“Hamas drove the bus to the edge and lost control,” said Omaima Abu Eida, a 58-year-old Gaza resident. “They are not negotiating for us, they are negotiating to stay in power after all this devastation.” Fadi Awad, 32, an electrician and father of five living in a tent in central Gaza, said he was fed up with the negotiations and that Hamas was out of touch. “We hear positive talks, then pull back, then breakthrough, then it all falls apart and with it, our lives,” Awad said. “Our leaders, Hamas, the Arabs, they watch us on TV from their hotels,” he added. “[They] do not know what it’s like to run for your life, hungry and barefoot.”

Support for Hamas as rulers in Gaza has fallen to 46% from 52% over the past three months, according to a survey of more than 700 residents of the enclave. In the West Bank, the trend is reversed, with 71% of Palestinians surveyed supporting Hamas’s continued rule in Gaza, up from 64% in the previous poll, by the Palestinian Center for Policy and Survey Research. Hamas didn’t respond to a request for comment.

The Hamas military leader in Gaza, Yahya Sinwar, is calculating that more fighting and more Palestinian civilian deaths work to his advantage, messages he has sent to ceasefire mediators and Hamas colleagues show.

The survey took place at the end of May, before an Israeli operation to rescue four hostages left 274 Palestinians dead and 700 injured at the weekend, according to Palestinian health authorities. The Israeli military said about 100 Palestinians were killed or wounded, including Hamas militants and civilians caught in the crossfire. In response to the rescue operation, Hamas has hardened its negotiating stance, adding new terms that Israel can’t accept to an Israeli proposal presented by President Biden almost two weeks ago.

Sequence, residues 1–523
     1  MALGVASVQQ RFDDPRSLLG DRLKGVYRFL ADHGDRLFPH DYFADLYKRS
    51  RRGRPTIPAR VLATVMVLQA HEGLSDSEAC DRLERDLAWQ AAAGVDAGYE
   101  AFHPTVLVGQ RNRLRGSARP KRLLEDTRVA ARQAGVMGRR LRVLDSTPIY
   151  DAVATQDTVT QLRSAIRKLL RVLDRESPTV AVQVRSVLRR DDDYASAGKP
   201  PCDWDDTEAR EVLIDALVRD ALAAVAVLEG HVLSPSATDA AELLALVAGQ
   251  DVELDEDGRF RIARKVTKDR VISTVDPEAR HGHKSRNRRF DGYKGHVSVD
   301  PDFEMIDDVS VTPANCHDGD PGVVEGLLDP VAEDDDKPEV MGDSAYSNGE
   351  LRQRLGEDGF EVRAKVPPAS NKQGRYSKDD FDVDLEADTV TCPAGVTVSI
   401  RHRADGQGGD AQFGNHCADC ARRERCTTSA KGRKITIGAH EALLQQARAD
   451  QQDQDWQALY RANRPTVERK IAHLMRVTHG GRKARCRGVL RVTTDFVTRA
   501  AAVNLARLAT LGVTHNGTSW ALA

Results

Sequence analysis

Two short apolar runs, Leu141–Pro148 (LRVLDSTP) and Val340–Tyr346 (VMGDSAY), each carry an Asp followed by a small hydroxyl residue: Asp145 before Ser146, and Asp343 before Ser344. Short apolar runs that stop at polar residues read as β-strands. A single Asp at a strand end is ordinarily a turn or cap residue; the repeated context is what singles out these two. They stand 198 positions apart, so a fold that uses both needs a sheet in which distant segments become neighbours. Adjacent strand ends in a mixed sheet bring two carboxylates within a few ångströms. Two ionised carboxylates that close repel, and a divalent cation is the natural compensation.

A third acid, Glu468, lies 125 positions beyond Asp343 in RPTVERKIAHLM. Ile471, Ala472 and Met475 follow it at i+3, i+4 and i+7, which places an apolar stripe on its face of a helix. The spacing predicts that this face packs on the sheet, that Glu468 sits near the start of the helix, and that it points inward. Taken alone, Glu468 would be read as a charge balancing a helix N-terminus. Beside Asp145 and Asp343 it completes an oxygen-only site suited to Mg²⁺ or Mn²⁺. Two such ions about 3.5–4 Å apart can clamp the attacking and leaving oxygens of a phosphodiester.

The militant group said in a statement late Wednesday that it had shown the “required positivity” to reach an agreement that “meets our people’s just demands, including a permanent ceasefire, complete withdrawal from the territory, return of displaced people, reconstruction and a serious prisoner exchange deal.” US national security adviser Jake Sullivan said Thursday that Hamas hadn’t accepted the proposal but instead had responded with an amended proposal. “Our goal is to figure out how we work to bridge the remaining gaps to get to a deal,” he told reporters ahead of the G-7 summit in Italy.

Israel and Hamas have haggled for months over fundamental differences in a familiar playbook that has ended each time in a collapse of talks. Hamas wants a permanent stop to the war and withdrawal of Israeli forces in exchange for the hostages it is holding in Gaza. Israel has said it won’t leave Hamas intact in the enclave and needs its hostages back before the war is declared over.

“People in Gaza have lost faith in Hamas, including many of the movement’s supporters. But people hate Israel more,” said a resident of the enclave. “Following Hamas’s latest response, there is now unprecedented discontent and frustration within Gaza,” Nazir Majali, an Israel-based analyst with Arabic newspaper Asharq Al-Awsat, said Thursday. “The population is increasingly critical of the movement’s leadership, describing its actions as unwise and irresponsible towards the suffering and pain of Gaza’s residents.”

Hamas has typically cracked down on public dissent in peacetime. But with Hamas personnel largely gone from the streets, public criticism of the group inside Gaza is growing, including on social media. At the same time, fear of retribution from Hamas for voicing criticism of the group is diminishing, locals say. Nu’man Hamouda, a 23-year-old accountant, said he has lost nine relatives, several friends, his job and home during the war. “If Hamas and Abbas heard our screams they will be the ones to end this now, unite and say they surrender,” he said, referring to Mahmoud Abbas, president of the Palestinian Authority.

Despite Hamas’s waning popularity in Gaza, the latest poll found that it is still by far the most popular Palestinian political party in Gaza and the West Bank. More than two thirds of those polled said they supported the Oct. 7 Hamas-led attacks on Israel. The researchers said that support for the attacks “does not necessarily mean support for Hamas and does not mean support for any killings or atrocities committed against civilians.” The backing comes from the belief among 80% of those questioned that the attacks brought global attention to the Palestinian cause, the researchers said.